Soviet soldier turned bureaucrat Igor Gouzenko is assigned to his first overseas posting in 1943 to Ottawa, Canada, as a cipher clerk for the military attaché, their offices in a secret ... See full summary »
A woman secretly suffering from kleptomania is hypnotized in an effort to cure her condition. Soon afterwards, she is found at the scene of a murder with no memory of how she got there and seemingly no way to prove her innocence.
Philip Sutherland is an American news writer stationed in Moscow since the war; while there he falls for a Russian ballet dancer, Marya Lamarkins, who, he finds out, learned English because... See full summary »
After three years on the run, Jim Guthrie returns with the scar of a rope burn on his neck. In flashback we learn how he was framed for murder but then escaped from the lynch mob just as he... See full summary »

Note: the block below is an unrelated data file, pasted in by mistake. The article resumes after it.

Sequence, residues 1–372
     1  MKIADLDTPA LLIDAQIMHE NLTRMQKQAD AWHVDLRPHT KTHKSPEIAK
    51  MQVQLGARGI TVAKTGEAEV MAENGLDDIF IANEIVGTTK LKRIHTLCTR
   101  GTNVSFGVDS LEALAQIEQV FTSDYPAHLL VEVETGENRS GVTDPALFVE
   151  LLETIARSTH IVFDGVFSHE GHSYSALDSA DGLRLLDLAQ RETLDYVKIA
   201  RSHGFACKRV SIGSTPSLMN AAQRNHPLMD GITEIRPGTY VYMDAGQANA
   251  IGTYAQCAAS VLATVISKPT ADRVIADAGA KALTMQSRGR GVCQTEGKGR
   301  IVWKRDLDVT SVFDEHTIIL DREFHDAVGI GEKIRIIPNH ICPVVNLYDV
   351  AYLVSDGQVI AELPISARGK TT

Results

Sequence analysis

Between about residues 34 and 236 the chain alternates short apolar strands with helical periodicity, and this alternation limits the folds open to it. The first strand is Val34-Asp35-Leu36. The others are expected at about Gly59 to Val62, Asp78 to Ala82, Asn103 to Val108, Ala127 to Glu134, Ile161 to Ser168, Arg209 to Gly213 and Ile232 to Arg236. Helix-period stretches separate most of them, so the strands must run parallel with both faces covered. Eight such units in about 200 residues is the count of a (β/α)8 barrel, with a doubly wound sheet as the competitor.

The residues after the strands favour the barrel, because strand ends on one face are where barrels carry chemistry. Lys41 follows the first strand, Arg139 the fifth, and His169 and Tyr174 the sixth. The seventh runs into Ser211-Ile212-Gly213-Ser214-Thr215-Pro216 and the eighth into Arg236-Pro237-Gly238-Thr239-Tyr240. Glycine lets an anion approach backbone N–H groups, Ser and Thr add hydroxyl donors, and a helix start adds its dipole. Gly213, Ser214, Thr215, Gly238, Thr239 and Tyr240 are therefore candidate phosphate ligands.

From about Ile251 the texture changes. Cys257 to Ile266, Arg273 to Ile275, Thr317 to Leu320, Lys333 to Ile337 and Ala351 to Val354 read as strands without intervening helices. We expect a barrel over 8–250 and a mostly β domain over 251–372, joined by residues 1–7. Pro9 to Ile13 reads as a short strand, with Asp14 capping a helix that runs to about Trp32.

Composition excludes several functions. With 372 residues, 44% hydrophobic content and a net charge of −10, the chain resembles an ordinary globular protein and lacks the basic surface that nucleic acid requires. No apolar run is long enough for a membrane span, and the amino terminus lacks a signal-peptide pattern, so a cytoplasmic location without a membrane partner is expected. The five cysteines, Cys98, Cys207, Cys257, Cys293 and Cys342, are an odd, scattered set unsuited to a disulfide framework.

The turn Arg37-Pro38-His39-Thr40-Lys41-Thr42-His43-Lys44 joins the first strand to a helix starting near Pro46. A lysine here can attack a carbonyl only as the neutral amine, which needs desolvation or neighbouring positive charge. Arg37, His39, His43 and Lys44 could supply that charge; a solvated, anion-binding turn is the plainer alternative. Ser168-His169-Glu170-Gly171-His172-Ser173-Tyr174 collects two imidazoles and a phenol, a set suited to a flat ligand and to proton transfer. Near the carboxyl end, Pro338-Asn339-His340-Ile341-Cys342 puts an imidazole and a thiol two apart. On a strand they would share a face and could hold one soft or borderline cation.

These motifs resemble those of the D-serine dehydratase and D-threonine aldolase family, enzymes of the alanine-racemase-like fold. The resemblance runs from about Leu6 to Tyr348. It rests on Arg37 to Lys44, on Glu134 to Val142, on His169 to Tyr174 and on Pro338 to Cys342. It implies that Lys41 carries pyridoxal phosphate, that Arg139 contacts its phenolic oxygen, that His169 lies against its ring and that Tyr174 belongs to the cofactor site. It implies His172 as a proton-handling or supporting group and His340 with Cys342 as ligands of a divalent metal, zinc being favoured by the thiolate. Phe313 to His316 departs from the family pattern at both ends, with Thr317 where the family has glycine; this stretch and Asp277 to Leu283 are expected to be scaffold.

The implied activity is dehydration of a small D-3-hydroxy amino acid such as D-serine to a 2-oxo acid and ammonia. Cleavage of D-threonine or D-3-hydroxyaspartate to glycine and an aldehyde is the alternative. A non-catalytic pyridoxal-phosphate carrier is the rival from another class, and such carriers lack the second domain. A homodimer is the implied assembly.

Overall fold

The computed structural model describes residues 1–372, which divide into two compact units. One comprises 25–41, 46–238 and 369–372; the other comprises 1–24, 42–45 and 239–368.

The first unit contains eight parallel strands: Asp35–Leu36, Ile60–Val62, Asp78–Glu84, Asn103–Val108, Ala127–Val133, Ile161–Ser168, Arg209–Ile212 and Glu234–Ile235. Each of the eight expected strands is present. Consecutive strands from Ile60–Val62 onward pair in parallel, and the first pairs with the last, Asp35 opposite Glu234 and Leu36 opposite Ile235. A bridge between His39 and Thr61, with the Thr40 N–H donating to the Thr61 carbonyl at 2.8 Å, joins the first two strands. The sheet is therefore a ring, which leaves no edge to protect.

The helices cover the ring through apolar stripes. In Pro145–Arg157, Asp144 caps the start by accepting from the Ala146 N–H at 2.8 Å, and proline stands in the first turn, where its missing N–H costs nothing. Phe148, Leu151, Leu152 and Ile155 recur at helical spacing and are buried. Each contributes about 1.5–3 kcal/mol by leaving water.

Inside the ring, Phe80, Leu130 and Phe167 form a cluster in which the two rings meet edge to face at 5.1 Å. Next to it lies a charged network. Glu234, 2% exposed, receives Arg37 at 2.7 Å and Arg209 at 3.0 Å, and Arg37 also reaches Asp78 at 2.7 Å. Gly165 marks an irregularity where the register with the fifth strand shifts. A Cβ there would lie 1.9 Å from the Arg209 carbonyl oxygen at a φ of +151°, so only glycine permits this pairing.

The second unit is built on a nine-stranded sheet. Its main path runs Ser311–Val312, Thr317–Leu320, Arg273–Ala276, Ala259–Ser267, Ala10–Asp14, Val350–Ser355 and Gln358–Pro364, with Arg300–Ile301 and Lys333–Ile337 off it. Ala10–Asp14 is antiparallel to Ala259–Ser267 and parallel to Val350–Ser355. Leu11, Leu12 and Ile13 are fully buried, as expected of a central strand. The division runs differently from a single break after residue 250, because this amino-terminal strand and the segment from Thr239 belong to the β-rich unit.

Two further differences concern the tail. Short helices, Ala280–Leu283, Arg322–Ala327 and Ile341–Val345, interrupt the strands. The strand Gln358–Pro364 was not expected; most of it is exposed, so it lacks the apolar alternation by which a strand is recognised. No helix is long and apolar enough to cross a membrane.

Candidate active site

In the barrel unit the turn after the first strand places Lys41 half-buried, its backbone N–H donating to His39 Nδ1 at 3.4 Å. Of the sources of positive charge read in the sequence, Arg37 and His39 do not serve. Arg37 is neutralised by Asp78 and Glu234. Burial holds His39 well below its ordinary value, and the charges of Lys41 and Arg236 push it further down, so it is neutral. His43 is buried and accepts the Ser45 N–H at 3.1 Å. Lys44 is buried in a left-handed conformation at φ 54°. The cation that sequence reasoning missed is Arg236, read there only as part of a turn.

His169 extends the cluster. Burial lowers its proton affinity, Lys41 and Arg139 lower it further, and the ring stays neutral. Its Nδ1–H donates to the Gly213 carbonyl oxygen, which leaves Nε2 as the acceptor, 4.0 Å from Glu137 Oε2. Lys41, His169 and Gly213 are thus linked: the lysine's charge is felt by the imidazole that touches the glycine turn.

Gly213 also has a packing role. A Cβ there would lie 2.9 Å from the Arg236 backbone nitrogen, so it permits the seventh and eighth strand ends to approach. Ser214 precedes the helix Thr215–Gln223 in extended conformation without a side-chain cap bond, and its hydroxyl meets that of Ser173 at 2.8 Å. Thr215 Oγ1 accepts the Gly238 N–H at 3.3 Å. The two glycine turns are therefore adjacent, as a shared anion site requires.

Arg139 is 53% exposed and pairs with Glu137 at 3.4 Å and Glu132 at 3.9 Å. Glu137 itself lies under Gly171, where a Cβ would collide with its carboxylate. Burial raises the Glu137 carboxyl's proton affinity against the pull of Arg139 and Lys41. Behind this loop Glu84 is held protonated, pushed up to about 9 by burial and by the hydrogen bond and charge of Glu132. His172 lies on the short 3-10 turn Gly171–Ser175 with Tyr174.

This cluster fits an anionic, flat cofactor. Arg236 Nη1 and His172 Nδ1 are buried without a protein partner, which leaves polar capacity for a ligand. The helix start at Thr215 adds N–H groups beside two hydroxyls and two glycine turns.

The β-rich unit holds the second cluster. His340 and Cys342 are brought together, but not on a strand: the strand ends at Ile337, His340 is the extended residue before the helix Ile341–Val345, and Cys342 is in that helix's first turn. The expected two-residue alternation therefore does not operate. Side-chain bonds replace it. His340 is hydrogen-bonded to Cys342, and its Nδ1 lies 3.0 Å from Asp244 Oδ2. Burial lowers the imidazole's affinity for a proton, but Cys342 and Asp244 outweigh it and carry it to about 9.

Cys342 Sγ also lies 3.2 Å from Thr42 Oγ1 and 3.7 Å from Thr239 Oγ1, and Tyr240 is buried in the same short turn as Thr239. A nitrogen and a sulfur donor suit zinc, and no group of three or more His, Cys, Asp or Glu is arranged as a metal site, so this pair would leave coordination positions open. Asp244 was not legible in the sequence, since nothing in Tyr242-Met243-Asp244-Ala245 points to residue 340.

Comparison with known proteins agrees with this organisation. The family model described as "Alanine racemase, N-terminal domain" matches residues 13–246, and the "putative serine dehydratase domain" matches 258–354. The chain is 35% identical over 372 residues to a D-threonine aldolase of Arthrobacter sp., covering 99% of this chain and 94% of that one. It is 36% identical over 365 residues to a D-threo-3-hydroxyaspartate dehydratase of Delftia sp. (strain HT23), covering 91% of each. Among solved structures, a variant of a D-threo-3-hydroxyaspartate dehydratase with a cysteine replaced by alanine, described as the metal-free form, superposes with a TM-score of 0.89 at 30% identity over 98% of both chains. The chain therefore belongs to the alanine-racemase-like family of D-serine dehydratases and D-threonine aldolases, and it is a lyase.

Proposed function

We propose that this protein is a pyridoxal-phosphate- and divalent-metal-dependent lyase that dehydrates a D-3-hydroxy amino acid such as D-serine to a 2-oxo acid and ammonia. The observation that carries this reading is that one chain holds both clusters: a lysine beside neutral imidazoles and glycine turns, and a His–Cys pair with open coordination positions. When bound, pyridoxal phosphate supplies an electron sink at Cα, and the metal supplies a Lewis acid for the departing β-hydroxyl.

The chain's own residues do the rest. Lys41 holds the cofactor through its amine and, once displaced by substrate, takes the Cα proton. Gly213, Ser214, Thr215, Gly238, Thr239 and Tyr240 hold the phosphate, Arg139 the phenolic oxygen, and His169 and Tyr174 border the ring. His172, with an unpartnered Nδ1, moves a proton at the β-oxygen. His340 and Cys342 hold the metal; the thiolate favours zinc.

A Maine lobster fisherman, trained as an architect, prefers to be a fisherman over the objections of his fiancée. The latter, a welfare worker for the state, finds a home for a 12-year-old ... See full summary »
In November 1941, American news photographer Johnny 'Bugsy' Williams manages to escape from the Japanese and finds himself back in Burma where he meets the beautiful Miss Haoli Young. ... See full summary »
Susan Miller works behind the girdle counter in a department store and dreams about the beautiful clothes and glamour she can never hope to have. Enter May Worthington and Warren, a pair of... See full summary »
American correspondent Bill Roberts is a thorn in the side of the Nazis, as his paper always scoops the world with the truth about Germany. Gestapo Captain Carl Von Rau means to plug the ... See full summary »